When Adam Smith published The Wealth of Nations in 1776, it was in the midst of emerging industrial capitalism. When he spoke about the division of labor, it was in the same context. This meant that the market was small, businesses were small, and production took quite a long time when products were individually manufactured. However, once labor began to become divided, and different people specialized in different stages of production, the economy began to expand; it became easier. This expanding economy was good for the market, and good for the individual workers because they could produce more in a shorter period of time, increasing the amount of money that could be made.
The division of labor was incredibly good for business and industry because it increased the number of goods that could be produced in the same amount of time. It is worth mentioning that Smith was on the side of the emerging industrial capitalists. This lent itself to being on the side of the worker, who realized higher standards of living, and to promoting the overall wealth of the nation, through the efficiency of production and the division of labor.
Because of this, we assume that Adam Smith was on the side of, or at least not in opposition to the worker. That is, as labor becomes more specialized, and technological invention and innovation take hold, workers become more efficient and productive, which results in higher wages and a growing economy.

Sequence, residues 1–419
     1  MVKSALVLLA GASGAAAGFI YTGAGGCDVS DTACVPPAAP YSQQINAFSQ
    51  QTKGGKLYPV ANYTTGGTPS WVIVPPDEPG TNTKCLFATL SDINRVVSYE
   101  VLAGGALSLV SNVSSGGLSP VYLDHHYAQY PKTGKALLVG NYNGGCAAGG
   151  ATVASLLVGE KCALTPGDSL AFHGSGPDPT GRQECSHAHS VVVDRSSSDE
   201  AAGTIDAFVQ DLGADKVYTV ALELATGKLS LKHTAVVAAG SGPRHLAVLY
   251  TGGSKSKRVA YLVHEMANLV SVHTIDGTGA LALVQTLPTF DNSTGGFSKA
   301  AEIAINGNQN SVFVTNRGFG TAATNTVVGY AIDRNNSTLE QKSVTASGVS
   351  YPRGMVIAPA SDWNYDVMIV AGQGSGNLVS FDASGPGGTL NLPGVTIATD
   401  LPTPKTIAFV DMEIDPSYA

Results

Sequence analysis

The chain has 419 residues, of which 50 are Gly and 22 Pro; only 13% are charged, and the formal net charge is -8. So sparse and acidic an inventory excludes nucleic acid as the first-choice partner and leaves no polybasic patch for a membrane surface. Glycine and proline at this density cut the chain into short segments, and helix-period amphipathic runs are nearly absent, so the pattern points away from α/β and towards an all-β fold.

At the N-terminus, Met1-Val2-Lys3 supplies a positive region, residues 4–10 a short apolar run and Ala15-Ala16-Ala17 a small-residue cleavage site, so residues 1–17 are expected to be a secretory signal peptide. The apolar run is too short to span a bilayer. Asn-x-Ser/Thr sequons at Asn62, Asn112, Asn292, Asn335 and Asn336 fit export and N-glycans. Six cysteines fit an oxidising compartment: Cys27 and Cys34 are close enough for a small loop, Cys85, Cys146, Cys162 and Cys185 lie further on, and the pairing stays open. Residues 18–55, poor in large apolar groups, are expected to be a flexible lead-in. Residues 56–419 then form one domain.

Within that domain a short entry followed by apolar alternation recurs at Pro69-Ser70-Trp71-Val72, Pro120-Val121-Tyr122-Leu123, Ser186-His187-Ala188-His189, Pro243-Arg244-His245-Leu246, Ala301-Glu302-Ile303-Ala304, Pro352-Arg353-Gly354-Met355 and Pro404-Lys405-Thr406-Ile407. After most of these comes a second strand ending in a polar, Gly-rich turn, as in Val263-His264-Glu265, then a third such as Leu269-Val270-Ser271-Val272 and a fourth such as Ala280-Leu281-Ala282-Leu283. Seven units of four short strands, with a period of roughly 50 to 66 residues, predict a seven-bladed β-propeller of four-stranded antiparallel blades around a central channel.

Is this still true today? Does the division of labor and technological innovation still promote the wealth of the nation? The division of labor, taken to its logical conclusion, produces mundane, mindless tasks, which require less and less skill and earn lower and lower wages. Increased specialization and innovation results in the displacement of workers and the phasing out of these jobs. As an advocate of the division of labor, it would seem now that Adam Smith is pitted against the best interests of the labor force.
However, it is important to take Smith in context. It is possible that Smith may have said that we have gone too far – the division of labor has deskilled workers and technology has left them unemployed. Smith would have said that technology should replace these mundane tasks but not at the expense of workers’ livelihood.